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Posts Tagged: Rachael Long

UCCE advisor Rachael Long receives prestigious award

UCCE advisor Rachael Long (Photo: Evett Kilmartin)
Rachael Long, UC Cooperative Extension advisor covering integrated pest management for field crops in Yolo, Solano and Sacramento counties, is the recipient of the 2019 Bradford Rominger Agricultural Sustainability Leadership Award.

Long will receive the award at a presentation at 4:30 p.m. May 28 in the Alpha Gamma Rho Hall (AGR) room of the Walter A. Buehler Alumni Center. A reception begins at 4.

The award, established in 2008, honors individuals who have a broad understanding of agricultural systems and the environment, takes the long view, and aims high to make a difference in the world. Awardees exhibit the leadership, work ethic and integrity epitomized by the late Eric Bradford, a livestock geneticist who served UC Davis for 50 years, and the late Charlie Rominger, a fifth-generation Yolo County farmer and land preservationist.

The award presentation prefaces the Agricultural Sustainability Institute's Distinguished Speakers' Seminar, “Building a Better World, the Opportunity to Achieve Climate Drawdown and a Safe Future" by environmental scientist Jonathan Foley, executive director of Drawdown.  Foley, ranked by Thomas Reuters as among the top 1 percent of the most cited global scientists, will address the audience from 5 to 6 p.m.

Long received her bachelor's degree in biology from UC Berkeley and her master's degree in entomology from UC Davis. She was hired as one of the first sustainable agriculture advisors with UCCE in 1992, with a charge to, “Develop, evaluate, and implement nonchemical approaches to pest management in field crop production that maintains environmental and economic viability of agriculture."

During her career with UCCE, Rachael was a pioneer in developing practices to protect water quality from agricultural crop production, helping farmers meet state mandates for clean surface water. She worked on hedgerows, documenting that field edge plantings of native California plants attract beneficial insects, including bees and natural enemies, for better pest control and pollination in adjacent crops. She documented that birds and bats are farmer allies; they help control codling moth pests in walnut orchards. She's promoted hawks and barn owls for control of rodent pests. She has also written numerous publications focusing on agronomic practices for managing pest, weeds, and diseases in field crop production.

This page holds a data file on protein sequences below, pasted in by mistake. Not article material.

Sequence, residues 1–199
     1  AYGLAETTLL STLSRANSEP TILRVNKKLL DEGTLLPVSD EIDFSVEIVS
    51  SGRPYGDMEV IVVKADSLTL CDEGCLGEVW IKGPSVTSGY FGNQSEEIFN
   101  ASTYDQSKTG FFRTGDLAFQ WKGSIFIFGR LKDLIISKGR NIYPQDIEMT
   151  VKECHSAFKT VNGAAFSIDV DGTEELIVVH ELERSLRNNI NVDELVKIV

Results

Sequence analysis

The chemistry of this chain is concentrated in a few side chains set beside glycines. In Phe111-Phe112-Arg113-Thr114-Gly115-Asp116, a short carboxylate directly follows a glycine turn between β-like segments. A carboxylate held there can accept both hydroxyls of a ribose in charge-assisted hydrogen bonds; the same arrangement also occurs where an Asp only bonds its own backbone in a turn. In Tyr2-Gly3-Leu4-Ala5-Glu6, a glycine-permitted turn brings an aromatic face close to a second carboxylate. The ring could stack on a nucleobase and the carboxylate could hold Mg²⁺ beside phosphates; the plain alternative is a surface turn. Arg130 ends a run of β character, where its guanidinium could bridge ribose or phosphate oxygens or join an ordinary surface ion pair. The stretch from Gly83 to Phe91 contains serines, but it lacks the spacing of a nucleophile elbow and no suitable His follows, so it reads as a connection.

At the time she started her research projects over 25 years ago, her ideas were way outside the box and on the fringe. Now her work is mainstream with the UC IPM guidelines incorporating the value of habitat planting for enhancing natural enemies and pollinators on farms for better pollination and biocontrol of crop pests. The California Healthy Soils Initiative and Natural Resource Conservation Service have cost share funding for hedgerow establishment on farms, for pest management and carbon sequestration. She continues to do research on hedgerows, but more importantly, she strives to be a leader by teaching others about agriculture and the need to have co-existence between farming, food production, and wildlife conservation for a better world for all. Her work is documented in many peer-reviewed publications, UC ANR blogs, cost studies and crop production manuals.

“I'm honored to receive this award, especially in recognition of two extraordinary people, Charlie and Eric," Long said. "I owe thanks to so many people who helped in this journey and feel lucky to work in a community that is open to new ideas. I'm especially grateful to farmers in the Sacramento Valley who allowed me to work on their farms. I couldn't have done all this work without their support.”

Posted on Friday, May 17, 2019 at 8:34 AM
Tags: Rachael Long (12)
Focus Area Tags: Agriculture Pest Management

Birds are beneficial too!

Across the globe, scientists have shown that birds can be farmer allies. Insectivorous birds feed on damaging insect pests in many crops including coffee, cacao, oil palm, corn, cabbage and apples. Raptors, including hawks and barn owls, feed on rodents, including gophers, voles and mice (see blog, Barn owls help clean up rodents naturally).